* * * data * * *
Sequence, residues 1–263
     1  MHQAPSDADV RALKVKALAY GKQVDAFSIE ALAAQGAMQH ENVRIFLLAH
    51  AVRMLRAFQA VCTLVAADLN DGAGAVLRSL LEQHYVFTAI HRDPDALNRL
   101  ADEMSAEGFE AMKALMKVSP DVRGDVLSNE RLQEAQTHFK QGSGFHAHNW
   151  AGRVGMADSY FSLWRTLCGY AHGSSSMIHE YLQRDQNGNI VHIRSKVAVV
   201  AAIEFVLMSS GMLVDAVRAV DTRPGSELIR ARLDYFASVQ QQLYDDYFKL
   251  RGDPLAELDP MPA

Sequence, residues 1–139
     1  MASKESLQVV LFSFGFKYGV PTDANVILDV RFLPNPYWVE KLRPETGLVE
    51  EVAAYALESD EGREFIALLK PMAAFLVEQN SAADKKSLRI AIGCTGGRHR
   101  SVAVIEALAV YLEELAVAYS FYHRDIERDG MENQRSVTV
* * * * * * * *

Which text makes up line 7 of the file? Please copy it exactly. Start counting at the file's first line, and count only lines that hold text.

   251  RGDPLAELDP MPA